Vanderbilt Sociology Professor: ‘White Privilege’ Responsible for Baltimore Riots

With free scholarships, affirmative action free jobs over more qualified candidates, black colleges (could you imagine the outcry if there was a white college?), tax breaks to start new businesses, and so many other privileges, it’s hard to hear the very racist term ‘white privilege’ putting the blame only on the lowest crime, lowest rape, lowest theft group of people in this country.

baltimore_imageIn an editorial in The Tennessean, African-American professor Tony Brown who serves as the associate chair of sociology at Vanderbilt University claims that racism continues to infuse American society at every level and that this racism combined with “white privilege” is what fueled the recent Baltimore riots.

Brown writes:

The facts show white people acting routinely to harm, demean, and damage black and brown people. The facts explain the lofty levels of frustration and despair among black and brown youth.

Evidence consists of protests and riots, such as what happened last night in Baltimore in response to the mysterious death of Freddie Gray while he was in police custody. Something is awry—people of color don’t protest and riot out of boredom. Martin Luther King, Jr. said that “a riot is the language of the unheard.”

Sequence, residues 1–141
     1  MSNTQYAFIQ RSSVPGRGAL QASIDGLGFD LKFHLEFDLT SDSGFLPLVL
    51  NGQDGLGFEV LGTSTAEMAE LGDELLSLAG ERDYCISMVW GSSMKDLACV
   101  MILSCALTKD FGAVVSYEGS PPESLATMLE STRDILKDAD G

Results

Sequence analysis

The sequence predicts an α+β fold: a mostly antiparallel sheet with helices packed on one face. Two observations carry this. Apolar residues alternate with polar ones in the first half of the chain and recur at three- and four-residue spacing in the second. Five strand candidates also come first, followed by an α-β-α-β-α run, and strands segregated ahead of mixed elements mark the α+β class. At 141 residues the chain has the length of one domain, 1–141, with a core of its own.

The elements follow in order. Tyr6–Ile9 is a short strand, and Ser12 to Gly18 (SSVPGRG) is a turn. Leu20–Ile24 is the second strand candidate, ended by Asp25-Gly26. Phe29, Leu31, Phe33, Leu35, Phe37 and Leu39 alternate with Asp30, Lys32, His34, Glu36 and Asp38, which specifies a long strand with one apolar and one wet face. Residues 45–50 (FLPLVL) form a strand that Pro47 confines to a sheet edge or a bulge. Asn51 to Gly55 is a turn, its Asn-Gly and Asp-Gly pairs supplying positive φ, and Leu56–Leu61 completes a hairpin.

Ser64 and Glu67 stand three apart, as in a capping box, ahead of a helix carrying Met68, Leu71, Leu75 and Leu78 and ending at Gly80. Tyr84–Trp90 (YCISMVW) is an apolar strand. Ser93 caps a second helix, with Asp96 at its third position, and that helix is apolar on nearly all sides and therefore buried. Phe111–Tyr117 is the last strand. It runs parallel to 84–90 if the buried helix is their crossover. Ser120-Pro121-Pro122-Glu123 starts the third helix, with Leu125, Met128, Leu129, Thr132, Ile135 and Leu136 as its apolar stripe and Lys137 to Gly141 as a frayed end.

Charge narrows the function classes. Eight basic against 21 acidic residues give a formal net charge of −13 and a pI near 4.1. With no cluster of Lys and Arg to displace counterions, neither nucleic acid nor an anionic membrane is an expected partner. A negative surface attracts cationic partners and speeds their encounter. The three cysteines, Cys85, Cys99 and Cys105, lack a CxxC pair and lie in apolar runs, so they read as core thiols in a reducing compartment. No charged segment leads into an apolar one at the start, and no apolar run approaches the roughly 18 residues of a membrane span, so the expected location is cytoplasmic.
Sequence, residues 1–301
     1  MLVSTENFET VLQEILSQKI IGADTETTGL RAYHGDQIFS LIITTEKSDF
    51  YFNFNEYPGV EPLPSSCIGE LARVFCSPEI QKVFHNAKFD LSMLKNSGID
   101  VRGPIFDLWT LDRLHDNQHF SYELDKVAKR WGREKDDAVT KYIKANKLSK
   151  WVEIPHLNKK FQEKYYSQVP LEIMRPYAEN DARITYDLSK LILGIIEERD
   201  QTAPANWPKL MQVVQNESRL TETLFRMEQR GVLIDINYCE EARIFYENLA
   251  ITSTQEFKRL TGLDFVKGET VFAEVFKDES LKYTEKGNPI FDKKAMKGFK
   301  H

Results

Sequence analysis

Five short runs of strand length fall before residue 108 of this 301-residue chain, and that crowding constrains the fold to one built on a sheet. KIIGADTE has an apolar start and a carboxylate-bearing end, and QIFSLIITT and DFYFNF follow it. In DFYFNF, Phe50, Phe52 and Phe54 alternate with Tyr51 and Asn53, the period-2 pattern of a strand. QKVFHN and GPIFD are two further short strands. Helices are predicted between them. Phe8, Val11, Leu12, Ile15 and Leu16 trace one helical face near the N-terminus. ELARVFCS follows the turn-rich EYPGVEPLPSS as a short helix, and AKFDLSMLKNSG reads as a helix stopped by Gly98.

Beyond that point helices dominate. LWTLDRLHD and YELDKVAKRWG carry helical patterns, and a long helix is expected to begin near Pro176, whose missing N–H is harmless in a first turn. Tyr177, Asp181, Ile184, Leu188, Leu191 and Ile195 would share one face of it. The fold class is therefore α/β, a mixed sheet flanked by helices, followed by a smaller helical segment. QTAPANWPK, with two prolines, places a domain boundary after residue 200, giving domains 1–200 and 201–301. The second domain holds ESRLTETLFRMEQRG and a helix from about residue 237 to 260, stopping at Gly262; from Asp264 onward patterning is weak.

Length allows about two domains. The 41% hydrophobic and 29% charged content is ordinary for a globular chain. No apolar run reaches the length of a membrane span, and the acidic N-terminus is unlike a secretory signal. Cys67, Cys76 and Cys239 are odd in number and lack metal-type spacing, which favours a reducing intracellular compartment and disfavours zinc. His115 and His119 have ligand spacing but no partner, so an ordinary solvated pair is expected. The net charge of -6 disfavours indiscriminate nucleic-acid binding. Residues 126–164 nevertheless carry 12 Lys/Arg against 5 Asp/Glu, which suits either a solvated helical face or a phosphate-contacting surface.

The Vanderbilt professor goes on to condemn white parents (including, but not limited to, the parents of the Oklahoma fraternity members expelled for singing a racist song) with the following “public service announcement”:

  • Your child’s behavior is racist and it’s your fault (mostly).
  • You never intentionally read children’s books with main characters of color, but you raised Sarah to appreciate diversity.
  • You lived in a residentially segregated neighborhood, and thought that fact sent no implicit messages to Evan.
  • You chose to worship in a church or synagogue where Katey was surrounded by white people, and she understood that way of life to be normal.
  • You choose the best schools for Chase, but never considered the fact that those schools were racially homogenous.
  • You talked to Isabelle about poverty but implied that all poor people are black and it’s their own fault.
  • You let grandma say n***** at Thanksgiving in front of Elizabeth because grandma is old and doesn’t know any better.
  • You told a racially insensitive joke in front of Liam, condoning symbolic violence.
Brown concludes, “The bottom line is that it’s everyday whites making everyday choices that lock in and protect white privilege.”

In order to counter this alleged climate of racism in America, Brown urges minorities to videotape interactions in their daily lives to provide evidence of systematic discrimination and “microaggressions.”

For people of color, record the discourteous way co-workers or service industry workers or police officers treat you. Record your friends talking about the indignities and micro-aggressions you as a person of color, for example, face in all- or mostly-white spaces. If you happen to identify as white, then record Uncle Roy talking at a private family gathering about the good old days when blacks knew their place.

Laying blame and taking names: just what this country needs…

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